4
$\begingroup$

How to prove that $$\sum_{i=0}^{i=x} {x \choose i} {y+i \choose x}+\sum_{i=0}^{i=x} {x \choose i} {y+1+i \choose x}=\sum_{i=0}^{i=x+1} {x+1 \choose i} {y+i \choose x}$$ ?

I tried to break the right side of equation down: $$\sum_{i=0}^{i=x+1} {x+1 \choose i} {y+i \choose x}=\sum_{i=0}^{i=x} {x+1 \choose i} {y+i \choose x}+{x+1 \choose x+1} {y+x+1 \choose x}$$

Then I tried Vandermonde's Identity: $${y+x+1 \choose x} = \sum_{i=0}^{i=x} {y+1 \choose i}{x \choose x-i}$$

Now I am totally lost. Can someone please tell me how to prove this equation?

$\endgroup$
  • $\begingroup$ Just split the $\dbinom{x+1}{i}$ on the right hand side into $\dbinom{x}{i}+\dbinom{x}{i-1}$, and use this to split the sum into two sums. Rewrite the second sum by substituting $i$ for $i-1$, and tweak the boundaries of the summation (by discarding/adding zero addends). You'll get exactly the left hand side. $\endgroup$ – darij grinberg Jul 25 '16 at 15:15
2
$\begingroup$

This is very easy to prove using the integral representation of binomial coefficients. Suppose we are trying to prove that

$$\sum_{k=0}^n {n\choose k} {m+k\choose n} + \sum_{k=0}^n {n\choose k} {m+1+k\choose n} = \sum_{k=0}^{n+1} {n+1\choose k} {m+k\choose n}.$$

Use the two integrals $${m+k\choose n} = \frac{1}{2\pi i} \int_{|z|=\epsilon} \frac{(1+z)^{m+k}}{z^{n+1}} \; dz$$ and $${m+k+1\choose n} = \frac{1}{2\pi i} \int_{|z|=\epsilon} \frac{(1+z)^{m+1+k}}{z^{n+1}} \; dz.$$

This yields for the LHS the following sum consisting of two terms: $$\frac{1}{2\pi i} \int_{|z|=\epsilon} \frac{(1+z)^m}{z^{n+1}} \sum_{k=0}^n {n\choose k} (1+z)^k\; dz \\ + \frac{1}{2\pi i} \int_{|z|=\epsilon} \frac{(1+z)^{m+1}}{z^{n+1}} \sum_{k=0}^n {n\choose k} (1+z)^k\; dz \\ = \frac{1}{2\pi i} \int_{|z|=\epsilon} \frac{(1+z)^m}{z^{n+1}} (2+z)^n \; dz + \frac{1}{2\pi i} \int_{|z|=\epsilon} \frac{(1+z)^{m+1}}{z^{n+1}} (2+z)^n \; dz \\ = \frac{1}{2\pi i} \int_{|z|=\epsilon} \frac{(1+z)^m}{z^{n+1}} (2+z)^{n+1} \; dz.$$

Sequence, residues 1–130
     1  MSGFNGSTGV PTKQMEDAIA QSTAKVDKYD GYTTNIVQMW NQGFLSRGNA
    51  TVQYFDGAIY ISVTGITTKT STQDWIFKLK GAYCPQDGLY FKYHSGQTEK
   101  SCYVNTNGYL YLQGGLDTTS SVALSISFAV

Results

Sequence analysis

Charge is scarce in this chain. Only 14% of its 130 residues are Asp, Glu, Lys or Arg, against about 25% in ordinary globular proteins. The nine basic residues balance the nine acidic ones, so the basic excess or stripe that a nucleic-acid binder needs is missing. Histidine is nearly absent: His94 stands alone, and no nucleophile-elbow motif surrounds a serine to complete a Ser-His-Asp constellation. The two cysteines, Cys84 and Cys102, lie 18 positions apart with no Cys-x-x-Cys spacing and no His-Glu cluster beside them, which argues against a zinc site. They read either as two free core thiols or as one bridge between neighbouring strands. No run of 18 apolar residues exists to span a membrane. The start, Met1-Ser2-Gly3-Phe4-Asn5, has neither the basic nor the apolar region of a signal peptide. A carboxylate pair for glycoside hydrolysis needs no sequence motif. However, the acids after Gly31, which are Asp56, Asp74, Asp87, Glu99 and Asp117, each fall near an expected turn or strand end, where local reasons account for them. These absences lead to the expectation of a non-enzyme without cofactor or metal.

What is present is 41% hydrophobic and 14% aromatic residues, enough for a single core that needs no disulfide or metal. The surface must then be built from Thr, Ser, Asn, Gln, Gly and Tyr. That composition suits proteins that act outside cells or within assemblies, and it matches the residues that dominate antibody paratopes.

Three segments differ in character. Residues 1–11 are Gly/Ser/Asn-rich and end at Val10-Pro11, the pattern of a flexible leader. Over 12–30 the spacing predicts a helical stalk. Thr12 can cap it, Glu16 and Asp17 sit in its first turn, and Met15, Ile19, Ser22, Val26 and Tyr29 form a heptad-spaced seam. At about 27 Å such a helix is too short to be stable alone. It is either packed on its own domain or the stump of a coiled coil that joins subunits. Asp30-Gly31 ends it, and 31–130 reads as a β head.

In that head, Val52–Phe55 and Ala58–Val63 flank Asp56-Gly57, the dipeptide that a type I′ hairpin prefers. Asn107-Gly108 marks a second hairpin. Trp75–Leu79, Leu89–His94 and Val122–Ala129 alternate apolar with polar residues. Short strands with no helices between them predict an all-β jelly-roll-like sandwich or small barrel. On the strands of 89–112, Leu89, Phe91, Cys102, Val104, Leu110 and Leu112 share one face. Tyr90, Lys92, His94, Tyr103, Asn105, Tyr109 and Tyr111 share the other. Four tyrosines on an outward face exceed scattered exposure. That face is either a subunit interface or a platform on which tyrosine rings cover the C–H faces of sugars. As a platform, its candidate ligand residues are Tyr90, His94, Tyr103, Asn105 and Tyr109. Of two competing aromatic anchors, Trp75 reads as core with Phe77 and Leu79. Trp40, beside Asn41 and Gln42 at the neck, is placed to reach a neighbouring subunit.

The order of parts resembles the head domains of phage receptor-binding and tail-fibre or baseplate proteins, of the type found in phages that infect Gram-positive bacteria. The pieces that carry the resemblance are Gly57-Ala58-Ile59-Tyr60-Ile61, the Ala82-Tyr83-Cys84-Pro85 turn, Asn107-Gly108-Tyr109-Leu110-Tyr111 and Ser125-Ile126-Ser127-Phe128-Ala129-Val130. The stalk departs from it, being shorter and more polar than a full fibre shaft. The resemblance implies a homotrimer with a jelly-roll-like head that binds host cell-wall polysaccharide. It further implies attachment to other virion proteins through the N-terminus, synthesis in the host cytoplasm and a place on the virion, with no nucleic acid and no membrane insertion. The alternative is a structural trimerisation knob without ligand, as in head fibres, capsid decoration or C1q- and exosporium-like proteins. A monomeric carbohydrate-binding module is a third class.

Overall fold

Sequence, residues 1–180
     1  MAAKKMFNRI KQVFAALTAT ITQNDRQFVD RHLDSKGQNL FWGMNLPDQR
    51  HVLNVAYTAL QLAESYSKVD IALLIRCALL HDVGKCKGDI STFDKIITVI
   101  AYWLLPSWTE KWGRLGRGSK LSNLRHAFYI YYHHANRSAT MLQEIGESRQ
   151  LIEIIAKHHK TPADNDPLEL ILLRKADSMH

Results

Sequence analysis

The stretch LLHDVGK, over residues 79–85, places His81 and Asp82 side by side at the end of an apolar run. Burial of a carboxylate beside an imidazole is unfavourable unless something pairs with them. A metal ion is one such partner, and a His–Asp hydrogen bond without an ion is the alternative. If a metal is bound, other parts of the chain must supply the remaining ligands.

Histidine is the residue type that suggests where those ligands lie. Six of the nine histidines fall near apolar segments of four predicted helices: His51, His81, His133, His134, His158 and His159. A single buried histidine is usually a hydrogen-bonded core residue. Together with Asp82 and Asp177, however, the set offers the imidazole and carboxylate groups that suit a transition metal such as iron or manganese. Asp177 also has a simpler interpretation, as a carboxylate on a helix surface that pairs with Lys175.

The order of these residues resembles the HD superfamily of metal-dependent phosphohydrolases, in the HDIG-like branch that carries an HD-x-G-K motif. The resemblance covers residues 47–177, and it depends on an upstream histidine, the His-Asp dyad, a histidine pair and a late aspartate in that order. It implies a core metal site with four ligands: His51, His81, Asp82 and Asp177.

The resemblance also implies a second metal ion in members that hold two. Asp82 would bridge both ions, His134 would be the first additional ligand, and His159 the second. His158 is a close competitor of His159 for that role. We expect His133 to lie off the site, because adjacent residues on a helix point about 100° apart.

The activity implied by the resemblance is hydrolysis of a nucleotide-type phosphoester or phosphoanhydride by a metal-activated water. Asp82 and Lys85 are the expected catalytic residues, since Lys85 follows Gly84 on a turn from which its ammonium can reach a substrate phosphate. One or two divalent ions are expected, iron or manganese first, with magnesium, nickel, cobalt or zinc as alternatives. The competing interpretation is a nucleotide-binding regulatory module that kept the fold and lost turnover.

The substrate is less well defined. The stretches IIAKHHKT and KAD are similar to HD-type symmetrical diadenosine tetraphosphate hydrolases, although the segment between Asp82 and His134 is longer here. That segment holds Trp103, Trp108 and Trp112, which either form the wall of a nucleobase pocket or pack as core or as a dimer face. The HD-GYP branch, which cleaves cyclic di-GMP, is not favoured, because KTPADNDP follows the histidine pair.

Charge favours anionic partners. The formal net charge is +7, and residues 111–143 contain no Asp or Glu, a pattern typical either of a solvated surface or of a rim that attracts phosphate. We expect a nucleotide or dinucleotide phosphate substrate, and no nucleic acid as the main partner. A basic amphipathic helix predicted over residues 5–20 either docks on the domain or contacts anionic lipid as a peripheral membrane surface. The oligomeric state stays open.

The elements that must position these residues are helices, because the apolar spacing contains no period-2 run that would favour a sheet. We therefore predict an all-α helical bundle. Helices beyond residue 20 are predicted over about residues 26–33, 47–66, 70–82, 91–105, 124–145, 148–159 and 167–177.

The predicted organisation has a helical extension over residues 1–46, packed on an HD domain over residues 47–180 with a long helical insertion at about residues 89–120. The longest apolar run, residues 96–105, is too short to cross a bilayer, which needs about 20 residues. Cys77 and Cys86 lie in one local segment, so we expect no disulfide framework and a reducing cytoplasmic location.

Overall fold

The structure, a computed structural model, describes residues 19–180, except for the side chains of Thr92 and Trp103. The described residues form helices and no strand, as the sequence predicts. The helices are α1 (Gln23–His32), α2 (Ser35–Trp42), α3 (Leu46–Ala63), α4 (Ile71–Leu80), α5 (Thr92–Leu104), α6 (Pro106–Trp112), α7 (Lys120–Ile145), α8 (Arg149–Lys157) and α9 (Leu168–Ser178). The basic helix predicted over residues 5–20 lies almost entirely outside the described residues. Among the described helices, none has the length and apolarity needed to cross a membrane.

For the RHS we get the integral $$\frac{1}{2\pi i} \int_{|z|=\epsilon} \frac{(1+z)^m}{z^{n+1}} \sum_{k=0}^{n+1} {n+1\choose k} (1+z)^k\; dz = \frac{1}{2\pi i} \int_{|z|=\epsilon} \frac{(1+z)^m}{z^{n+1}} (2+z)^{n+1} \; dz.$$

The integrals on the LHS and on the RHS are the identical, QED.

A similar calculation is at this MSE link.

A trace as to when this method appeared on MSE and by whom starts at this MSE link.

$\endgroup$
  • $\begingroup$ wow! this was great! $\endgroup$ – Aaron Maroja Sep 22 '14 at 20:29
  • $\begingroup$ Brilliant! Thank you! $\endgroup$ – mutian Sep 23 '14 at 23:27

Your Answer

By clicking “Post Your Answer”, you agree to our terms of service, privacy policy and cookie policy

Not the answer you're looking for? Browse other questions tagged or ask your own question.